The trouble started when Raghu was signing up for a new social networking come filesharing site, and the captcha that would haunt him showed up for the first time. Raghu didn't pay much attention to the "Rensoon Geometry" that showed up, and went on to post on a forum he frequented. He was putting in a URL, and the forum required him to enter a captcha. He did a double take when it was "Rensoon Geometry." He wondered what were the odds of that happening. Raghu was pretty good with computers and quickly came to the conclusion that the two websites must have used the same captcha service, and the same database. It was still a little curious though, that they had showed up back to back. The third time it happened, he stopped in his tracks. There it was "Rensoon Geometry", on an image board, and this time, there was no mistaking it. Something was definitely wrong.
Raghu hit refresh a bunch of times, although the distortion changed, the text remained the same, no matter what he did. Raghu forgot about his post entirely, and stared at the screen for a few seconds in absolute bewilderment. He wondered if it was something on his system, and if he had been infected. He was so careful, that he did not even use an anti-virus program. He used an online scanner to check his disks, and they came up clean.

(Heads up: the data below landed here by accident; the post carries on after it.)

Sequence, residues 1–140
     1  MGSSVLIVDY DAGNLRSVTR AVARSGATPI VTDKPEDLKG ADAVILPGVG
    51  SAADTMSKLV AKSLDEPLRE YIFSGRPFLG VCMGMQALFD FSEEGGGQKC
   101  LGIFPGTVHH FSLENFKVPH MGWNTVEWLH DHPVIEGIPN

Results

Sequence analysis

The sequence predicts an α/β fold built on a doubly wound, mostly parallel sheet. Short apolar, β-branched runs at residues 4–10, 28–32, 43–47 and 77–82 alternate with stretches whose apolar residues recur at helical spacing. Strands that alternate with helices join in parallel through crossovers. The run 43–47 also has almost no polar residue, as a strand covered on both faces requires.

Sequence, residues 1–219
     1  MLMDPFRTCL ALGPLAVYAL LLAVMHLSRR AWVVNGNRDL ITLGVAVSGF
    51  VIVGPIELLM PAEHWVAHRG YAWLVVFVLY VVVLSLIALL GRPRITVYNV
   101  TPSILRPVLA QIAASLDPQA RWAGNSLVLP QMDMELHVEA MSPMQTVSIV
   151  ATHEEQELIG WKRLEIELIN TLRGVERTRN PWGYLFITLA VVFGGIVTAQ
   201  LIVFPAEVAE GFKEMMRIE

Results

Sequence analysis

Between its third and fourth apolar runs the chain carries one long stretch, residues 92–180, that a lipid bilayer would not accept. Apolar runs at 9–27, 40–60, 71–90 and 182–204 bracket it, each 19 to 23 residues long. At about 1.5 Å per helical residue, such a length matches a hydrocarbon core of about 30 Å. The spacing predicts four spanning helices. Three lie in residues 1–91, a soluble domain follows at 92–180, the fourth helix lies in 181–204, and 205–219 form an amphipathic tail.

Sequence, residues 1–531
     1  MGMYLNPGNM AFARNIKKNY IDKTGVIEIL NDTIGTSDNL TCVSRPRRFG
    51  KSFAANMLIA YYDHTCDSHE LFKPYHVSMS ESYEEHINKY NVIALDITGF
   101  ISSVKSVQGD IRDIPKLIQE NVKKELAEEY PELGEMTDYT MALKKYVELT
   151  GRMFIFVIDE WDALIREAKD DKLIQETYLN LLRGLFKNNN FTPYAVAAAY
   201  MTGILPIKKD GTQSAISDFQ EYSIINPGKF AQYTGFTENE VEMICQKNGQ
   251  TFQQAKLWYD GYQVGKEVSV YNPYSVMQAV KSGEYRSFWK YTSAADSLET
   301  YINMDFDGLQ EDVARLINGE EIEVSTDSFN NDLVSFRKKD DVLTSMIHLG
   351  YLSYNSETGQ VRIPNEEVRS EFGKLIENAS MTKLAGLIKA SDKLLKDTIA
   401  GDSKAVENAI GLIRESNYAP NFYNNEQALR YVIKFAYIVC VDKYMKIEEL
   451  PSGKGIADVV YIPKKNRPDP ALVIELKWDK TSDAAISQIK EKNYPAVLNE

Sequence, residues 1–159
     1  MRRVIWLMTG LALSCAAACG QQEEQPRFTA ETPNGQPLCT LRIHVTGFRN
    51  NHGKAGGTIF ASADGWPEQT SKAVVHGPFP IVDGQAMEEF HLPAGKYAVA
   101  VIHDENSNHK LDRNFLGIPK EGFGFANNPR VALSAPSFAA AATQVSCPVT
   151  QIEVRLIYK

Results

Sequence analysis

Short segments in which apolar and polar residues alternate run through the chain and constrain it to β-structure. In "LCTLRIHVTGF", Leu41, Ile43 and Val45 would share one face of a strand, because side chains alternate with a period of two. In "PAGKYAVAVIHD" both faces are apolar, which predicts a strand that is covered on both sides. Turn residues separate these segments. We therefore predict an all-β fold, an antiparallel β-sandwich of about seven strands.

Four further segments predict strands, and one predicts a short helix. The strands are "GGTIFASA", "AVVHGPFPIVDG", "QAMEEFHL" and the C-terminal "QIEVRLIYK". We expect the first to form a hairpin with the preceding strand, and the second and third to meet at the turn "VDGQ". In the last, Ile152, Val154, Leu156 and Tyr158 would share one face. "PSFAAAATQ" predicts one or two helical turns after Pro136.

Raghu logged out of a social network, and headed over to the account sign up area just to check out what the captcha would appear as. "Rensoon Geometry" showed up, unapologetically. Raghu suddenly realised how alone in the world he was, and wondered who to call for his problem. There were a bunch of local shops that sent out kids to repair computers, but they were all a bunch of hacks. It had been a long time since Raghu had allowed any one of them near his computer. Their standard mode of operation and solution for all problems was to backup everything in the hard drive, check for viruses, then format the hard disk, load a new operating system, throw back all the data into the machine, and leave after collecting a fee that could totally not be justified for an hour or so of watching a screen.